How to make the best use of 24 hours in a day.
|17 Jun 2020|
We all have the same 24 hours in a day. When you see certain individuals achieve a level of unimaginable success, it’s not because they have more hours in the day than you, it’s because somehow they’ve figured out how to deploy those hours in a way that is more effective and more productive, and allows for compounding results. Whether your goal is to take your career to the next level or just have more control over your personal schedule, these are the life hacks you absolutely need to implement in your daily routine:
Success tends to be the result of being able to manage more with less — meaning you can handle 10x the responsibilities of most people, but with the same (or even less) effort. This goes back to the idea of working smart, not hard. So, with an increase in responsibilities, you can’t expect yourself to remember everything. In fact, it’s a waste of brainpower. Just set reminders and show up when you need to. It’s that easy.
Building on the above, if someone emails you requesting a call — or if you email someone to schedule a call — always, always, always send a Google invite. Not only does this ensure you don’t forget, but it ensures the other person won’t forget either. And more than that, it shows you’re on top of your game. You’re organized, and you’re going to be there when you say you’re going to be there.
Do you have tons of calls this week? See if you can move them all to one afternoon, back to back to back.
Do you have a bunch of video editing to do? Do it all in the morning, instead of doing some now and then some later.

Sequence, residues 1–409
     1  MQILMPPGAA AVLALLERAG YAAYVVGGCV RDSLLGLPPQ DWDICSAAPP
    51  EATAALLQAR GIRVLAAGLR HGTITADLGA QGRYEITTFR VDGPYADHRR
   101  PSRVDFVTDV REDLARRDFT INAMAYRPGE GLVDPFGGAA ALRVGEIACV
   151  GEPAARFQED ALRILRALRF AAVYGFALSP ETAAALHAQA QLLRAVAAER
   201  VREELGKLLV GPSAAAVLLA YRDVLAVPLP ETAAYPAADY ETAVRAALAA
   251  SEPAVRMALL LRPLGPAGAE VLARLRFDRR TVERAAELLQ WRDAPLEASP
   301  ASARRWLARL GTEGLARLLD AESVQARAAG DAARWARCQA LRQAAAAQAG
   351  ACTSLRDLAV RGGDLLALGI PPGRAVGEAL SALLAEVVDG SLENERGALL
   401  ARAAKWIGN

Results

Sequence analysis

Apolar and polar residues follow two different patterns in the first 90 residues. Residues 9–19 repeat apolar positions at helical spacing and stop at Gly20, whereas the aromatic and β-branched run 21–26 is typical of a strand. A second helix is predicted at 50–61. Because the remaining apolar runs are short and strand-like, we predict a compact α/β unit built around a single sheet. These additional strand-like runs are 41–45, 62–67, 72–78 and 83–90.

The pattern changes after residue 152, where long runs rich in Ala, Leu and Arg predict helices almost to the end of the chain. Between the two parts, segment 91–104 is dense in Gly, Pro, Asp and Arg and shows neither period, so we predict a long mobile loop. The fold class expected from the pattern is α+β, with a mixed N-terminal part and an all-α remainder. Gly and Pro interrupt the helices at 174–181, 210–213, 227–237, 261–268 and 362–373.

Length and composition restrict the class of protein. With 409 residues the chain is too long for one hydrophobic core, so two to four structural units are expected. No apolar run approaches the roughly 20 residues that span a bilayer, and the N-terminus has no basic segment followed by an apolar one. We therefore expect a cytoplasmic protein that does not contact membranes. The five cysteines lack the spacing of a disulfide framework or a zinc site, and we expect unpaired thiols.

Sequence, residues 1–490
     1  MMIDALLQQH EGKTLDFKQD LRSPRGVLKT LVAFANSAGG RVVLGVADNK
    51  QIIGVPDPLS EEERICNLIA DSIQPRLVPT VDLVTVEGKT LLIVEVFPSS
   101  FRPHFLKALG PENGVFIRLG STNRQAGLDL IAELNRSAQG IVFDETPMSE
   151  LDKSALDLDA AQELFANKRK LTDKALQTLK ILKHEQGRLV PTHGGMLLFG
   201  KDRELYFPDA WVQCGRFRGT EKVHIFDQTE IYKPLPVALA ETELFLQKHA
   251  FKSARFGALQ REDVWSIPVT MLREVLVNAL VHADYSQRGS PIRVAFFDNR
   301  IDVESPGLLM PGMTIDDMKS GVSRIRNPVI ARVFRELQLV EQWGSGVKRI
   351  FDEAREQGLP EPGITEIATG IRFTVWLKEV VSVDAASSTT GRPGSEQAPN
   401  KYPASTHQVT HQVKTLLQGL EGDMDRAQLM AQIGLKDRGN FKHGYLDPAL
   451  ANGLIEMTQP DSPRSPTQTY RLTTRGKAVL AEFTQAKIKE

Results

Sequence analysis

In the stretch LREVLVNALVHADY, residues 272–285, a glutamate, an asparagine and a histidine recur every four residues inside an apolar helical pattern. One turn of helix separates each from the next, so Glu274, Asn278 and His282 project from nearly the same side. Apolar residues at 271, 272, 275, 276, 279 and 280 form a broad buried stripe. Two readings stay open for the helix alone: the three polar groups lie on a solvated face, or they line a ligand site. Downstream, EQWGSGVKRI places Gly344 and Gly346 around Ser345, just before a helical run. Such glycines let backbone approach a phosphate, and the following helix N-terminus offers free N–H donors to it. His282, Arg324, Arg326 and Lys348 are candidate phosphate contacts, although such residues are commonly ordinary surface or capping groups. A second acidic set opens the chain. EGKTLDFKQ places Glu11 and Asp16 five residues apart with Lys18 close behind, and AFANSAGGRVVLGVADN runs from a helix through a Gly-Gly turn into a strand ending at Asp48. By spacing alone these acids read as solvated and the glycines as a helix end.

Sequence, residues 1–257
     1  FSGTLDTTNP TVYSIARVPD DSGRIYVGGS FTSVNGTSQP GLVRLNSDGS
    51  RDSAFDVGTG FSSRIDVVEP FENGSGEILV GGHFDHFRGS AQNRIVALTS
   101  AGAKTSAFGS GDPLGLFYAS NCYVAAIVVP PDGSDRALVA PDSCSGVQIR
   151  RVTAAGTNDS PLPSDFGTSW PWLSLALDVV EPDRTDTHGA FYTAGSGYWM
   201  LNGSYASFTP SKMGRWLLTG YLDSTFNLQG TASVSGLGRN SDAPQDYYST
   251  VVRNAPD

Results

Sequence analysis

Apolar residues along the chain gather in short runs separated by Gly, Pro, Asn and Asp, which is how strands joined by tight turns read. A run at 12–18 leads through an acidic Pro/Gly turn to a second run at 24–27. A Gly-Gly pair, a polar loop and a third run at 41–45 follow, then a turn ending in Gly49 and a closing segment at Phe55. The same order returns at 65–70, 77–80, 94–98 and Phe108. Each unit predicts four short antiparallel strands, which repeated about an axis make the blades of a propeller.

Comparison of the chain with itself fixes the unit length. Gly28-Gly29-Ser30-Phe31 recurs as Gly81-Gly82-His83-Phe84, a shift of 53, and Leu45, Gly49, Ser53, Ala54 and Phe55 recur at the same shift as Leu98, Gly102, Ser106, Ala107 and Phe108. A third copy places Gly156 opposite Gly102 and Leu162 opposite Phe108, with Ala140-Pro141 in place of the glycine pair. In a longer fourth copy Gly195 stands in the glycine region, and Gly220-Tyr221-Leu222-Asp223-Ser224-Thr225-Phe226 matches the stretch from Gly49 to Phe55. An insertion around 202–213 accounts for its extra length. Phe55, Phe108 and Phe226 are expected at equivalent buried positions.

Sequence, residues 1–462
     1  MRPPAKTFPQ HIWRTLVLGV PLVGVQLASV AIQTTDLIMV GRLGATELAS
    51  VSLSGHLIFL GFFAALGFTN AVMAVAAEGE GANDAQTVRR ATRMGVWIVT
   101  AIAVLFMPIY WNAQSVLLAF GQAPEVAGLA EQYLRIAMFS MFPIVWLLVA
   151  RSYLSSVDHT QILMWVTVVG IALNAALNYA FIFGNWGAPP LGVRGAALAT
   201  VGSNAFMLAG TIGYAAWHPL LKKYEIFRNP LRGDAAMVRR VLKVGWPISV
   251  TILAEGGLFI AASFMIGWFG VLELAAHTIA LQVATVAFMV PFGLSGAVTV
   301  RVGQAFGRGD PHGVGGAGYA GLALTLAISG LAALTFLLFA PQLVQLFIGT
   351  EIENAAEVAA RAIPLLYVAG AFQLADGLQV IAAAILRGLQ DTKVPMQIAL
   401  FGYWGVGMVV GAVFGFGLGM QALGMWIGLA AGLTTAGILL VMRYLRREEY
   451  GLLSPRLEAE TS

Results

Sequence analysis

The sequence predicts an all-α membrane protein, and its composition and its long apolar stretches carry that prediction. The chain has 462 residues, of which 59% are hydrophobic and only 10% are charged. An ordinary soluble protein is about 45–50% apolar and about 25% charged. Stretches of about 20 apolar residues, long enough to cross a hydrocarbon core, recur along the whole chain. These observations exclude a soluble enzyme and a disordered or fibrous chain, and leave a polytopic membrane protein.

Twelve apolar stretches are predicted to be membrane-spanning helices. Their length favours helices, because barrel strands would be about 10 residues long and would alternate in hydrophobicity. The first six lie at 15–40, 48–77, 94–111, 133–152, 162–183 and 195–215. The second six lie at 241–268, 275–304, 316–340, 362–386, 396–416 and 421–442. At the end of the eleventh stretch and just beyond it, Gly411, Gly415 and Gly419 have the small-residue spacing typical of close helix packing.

Do you need to think through a big pitch for a potential client? Block off an evening to focus on that and only that.
By performing related tasks one after the other, you’re able to move so much faster. The reason is that you get in your flow for that one specific type of activity. Whereas, if you have a call, then try to edit a video for 40 minutes, then respond to two emails, and then hop on another call, by the time it’s 2pm you’re going to be brain-dead and exhausted.
Most entrepreneurs live by this golden rule. When you start your day by checking your inbox, you immediately put yourself in a reactive state. You’re reacting to the day, to other people’s requests, instead of setting out to get done what you know you need to get done, first. Instead, start your morning with a tough task. Work through the hard stuff earlier on, and save the mind-numbing email tasks for lunch or later in the day. But don’t waste those precious morning hours responding to other people’s requests. They can wait. (And that’s not out of disrespect — just an awareness of protecting your time.)